So far, it looks like a legit OS but I am concerned with why it is scanning for those printers and what it may do with the geoip information but I have not uncovered why it does this yet. I will dig in a little further later.

Black Hat OSPF Vulerabilities

August 31st, 2011

This year at Black Hat, some researchers presented some new ways to inject routes into an OSPF network. I will not go into much technical detail on how they were able to do so but at the very beginning of the talk they made it clear that these methods assumed that the attacker already had the md5 authentication key. After the talk was over, I talked to multiple people about it and was completely surprised at how all of them were brushing it off or playing it down. From just the arguments against the talk, I can conclude that

  • If administrators are not using an authentication key then there are other serious problems
  • A simple authentication password is sufficient enough to stop attackers
  • We haven’t seen it used in the wild so we don’t need to worry

I think that is total and utter bullshit and here is why.

If administrators are not using an authentication key then there are other serious problems:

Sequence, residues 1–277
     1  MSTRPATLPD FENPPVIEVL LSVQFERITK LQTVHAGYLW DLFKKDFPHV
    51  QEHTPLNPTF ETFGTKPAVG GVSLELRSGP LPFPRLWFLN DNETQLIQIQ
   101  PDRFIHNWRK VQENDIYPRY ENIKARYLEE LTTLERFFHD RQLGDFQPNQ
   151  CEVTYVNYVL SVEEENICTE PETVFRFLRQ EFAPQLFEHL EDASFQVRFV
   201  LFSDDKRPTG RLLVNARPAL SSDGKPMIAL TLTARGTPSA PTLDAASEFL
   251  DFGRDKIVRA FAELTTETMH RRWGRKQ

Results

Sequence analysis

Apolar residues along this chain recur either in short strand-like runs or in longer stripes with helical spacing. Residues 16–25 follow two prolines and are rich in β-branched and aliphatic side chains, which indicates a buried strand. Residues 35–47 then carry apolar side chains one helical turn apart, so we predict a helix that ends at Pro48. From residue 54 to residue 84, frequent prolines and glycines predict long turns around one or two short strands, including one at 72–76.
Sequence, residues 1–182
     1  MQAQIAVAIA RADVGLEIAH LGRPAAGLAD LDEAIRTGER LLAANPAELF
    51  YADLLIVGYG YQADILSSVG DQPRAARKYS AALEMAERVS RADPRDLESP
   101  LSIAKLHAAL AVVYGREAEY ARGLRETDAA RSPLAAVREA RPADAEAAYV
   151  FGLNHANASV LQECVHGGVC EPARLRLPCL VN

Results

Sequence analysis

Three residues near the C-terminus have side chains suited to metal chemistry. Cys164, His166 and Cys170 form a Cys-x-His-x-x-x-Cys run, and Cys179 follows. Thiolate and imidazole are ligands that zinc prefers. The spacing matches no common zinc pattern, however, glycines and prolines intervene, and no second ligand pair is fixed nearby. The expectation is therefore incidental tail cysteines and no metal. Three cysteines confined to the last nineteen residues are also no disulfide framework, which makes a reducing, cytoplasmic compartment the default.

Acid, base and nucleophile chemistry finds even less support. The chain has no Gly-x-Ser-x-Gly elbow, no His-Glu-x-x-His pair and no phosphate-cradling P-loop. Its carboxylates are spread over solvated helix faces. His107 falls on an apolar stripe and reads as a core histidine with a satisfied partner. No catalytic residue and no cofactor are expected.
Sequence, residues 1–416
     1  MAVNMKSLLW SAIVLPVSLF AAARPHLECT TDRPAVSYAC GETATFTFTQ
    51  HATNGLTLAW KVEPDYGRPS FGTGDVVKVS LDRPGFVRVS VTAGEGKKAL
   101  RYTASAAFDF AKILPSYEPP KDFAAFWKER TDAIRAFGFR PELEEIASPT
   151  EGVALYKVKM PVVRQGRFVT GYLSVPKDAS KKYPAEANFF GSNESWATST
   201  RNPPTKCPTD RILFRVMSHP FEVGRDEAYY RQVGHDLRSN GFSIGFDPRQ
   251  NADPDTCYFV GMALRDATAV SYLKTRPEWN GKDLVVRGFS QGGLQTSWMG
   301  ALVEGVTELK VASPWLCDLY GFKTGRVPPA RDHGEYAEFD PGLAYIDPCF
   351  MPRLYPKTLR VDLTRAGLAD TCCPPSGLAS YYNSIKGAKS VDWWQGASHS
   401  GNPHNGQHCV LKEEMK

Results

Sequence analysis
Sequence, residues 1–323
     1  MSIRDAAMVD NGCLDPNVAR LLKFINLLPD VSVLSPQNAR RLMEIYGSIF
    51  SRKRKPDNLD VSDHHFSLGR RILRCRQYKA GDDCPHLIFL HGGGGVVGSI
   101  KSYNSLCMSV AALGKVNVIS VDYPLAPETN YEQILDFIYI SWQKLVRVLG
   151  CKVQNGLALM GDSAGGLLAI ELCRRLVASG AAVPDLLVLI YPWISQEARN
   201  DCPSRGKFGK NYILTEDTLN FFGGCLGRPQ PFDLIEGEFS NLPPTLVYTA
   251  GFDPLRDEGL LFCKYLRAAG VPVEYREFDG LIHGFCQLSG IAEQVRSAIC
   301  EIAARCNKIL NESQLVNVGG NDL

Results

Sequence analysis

I am not going to disagree with that at all. It is super easy to turn on the authentication key and there should be no excuse for any semi-competent network administrator to not have done so but we can not assume that, because not everyone has. I can say specifically from my experience in the Network Technical Support realm, 9.8 times out of 10, when walking someone through setting up OSPF on their device, they specifically tell me to not set up an authentication key and enable OSPF on all interfaces. This could be because they want to see it working with the path of least resistance all the way to they don’t think authentication was necessary. Also, every time I went to troubleshoot an OSPF network, I not once saw it enabled. Please keep in mind that I have worked with some very LARGE companies with big teams dedicated to administrating their network and securing it.